Concern for wildlife grows as de-vegetation work for HS2 begins in Steeple Claydon

Last Saturday, Anti-HS2 campaigners in Steeple Claydon had cause to cordon off a hedgerow that had been cut down after finding what they believed to be a recently made bird's nest.

On Thursday 11 April, HS2 contractors Fusion, started removing hedgerows from a 300 acre site of countryside during bird nesting season, much to the outrage of local residents and animal welfare campaigners and environmentalists more generally.

Area where bird's nest was found by anti-HS2 campaigners

Area where bird's nest was found by anti-HS2 campaigners

The campaign group Anti-HS2 – SOC (Save Our Countryside) were monitoring activity at the weekend when they came across the bird's nest.

On Monday this week we were contacted and various attempts were made to seek expert opinion on whether the nest was indeed from this season.

Though the RSPB told us that they can never be 100% sure from photographs, a spokesperson provided the following statement:

“From the images sent to the RSPB, the probability is that it is an old nest given that it’s built into a bush with no visible foliage on it yet and was probably built last summer when the hedgerow was in full leaf. The RSPB understands that it’s upsetting for people in the local area to see works being carried out by HS2 and we have already recommended to HS2 Ltd it should delay any tree or vegetation clearance to the late summer but it seems very unlikely that they are going to do so. What we can all do is to try to persuade HS2 Ltd to minimise the impact by sensitive working on the site and ideally delay non-essential vegetation clearance until after the breeding season this year.”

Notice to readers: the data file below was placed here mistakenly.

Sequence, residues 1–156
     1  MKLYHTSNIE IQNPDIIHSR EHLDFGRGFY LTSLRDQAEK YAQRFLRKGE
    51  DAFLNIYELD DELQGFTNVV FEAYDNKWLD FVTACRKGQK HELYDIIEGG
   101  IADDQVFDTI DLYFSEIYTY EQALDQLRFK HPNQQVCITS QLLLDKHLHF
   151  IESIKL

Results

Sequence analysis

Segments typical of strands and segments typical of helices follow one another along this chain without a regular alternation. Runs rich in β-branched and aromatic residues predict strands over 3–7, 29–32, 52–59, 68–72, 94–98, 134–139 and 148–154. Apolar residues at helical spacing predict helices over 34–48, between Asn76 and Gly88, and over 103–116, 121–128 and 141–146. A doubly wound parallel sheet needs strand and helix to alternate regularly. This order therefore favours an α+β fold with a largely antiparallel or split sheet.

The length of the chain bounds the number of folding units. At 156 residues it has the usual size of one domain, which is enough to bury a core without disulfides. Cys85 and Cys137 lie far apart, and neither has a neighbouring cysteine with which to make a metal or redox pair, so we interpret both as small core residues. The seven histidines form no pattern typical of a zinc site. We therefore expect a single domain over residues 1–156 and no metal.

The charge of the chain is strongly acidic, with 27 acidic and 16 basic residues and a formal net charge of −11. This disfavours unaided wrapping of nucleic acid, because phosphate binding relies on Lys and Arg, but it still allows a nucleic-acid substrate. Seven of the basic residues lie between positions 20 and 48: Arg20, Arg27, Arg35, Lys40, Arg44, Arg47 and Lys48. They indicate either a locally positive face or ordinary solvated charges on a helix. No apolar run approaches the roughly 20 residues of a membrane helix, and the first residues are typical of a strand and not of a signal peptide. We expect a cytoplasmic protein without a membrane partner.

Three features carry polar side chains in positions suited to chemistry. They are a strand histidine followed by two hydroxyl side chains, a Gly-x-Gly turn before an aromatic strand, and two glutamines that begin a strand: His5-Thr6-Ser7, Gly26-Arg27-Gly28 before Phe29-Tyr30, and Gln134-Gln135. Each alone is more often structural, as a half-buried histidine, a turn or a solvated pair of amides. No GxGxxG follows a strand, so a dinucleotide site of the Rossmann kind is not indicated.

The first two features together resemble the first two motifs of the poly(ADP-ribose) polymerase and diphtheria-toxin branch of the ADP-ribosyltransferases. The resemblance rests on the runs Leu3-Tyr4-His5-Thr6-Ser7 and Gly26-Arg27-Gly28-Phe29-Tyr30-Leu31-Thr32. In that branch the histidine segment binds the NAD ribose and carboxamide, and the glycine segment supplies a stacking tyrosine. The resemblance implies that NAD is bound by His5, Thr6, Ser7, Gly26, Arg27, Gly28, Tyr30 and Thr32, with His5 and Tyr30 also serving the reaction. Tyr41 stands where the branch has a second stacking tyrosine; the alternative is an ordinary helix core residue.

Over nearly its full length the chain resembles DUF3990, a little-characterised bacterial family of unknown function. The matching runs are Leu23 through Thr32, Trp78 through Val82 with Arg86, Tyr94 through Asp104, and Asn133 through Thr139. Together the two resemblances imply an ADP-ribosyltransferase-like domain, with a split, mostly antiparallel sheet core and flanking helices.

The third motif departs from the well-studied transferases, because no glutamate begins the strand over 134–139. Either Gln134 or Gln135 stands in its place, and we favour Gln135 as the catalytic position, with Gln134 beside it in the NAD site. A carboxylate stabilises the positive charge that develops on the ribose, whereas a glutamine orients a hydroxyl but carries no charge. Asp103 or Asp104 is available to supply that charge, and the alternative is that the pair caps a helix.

Hedgerow clearance vehicle

Hedgerow clearance vehicle

Some relevant context to this is that the photos were taken after the hedge had been cut down – presumably removing it from possible surrounding foliage.

We also went on site to take a look for ourselves. Unfortunately the downed hedge and the nest had been removed by site workers, meaning we would be unable to obtain definitive expert opinion on the status of the nest.

While in the vicinity we were approached by wildlife crime officer Dean Kingham. He told us that he had received a tip-off about the nest and had also seen a photograph that he thought showed an old nest, although when pressed he acknowledged that he is not an expert.

Under the Wildlife and Countryside Act 1981 it is an offence to intentionally take, damage or destroy the nest of any wild bird while it is in use or being built. Ecologists need to demonstrate that they have checked vegetation and that it is clear of nesting activity before they can give a permit to clear.

Bird nest discovered at de-vegetation site

Bird nest discovered at de-vegetation site

Councillor Charlie Clare said:

“If HS2’s lawyers are able to keep HS2 within the letter of the law, there is no doubt that they are still breaking the spirit of it.”

Considering that HS2's Notice to Proceed has been delayed until December 2019 because updated costs and a revised business case have yet to be submitted, there is growing concern that the North Buckinghamshire countryside may be being destroyed for no reason.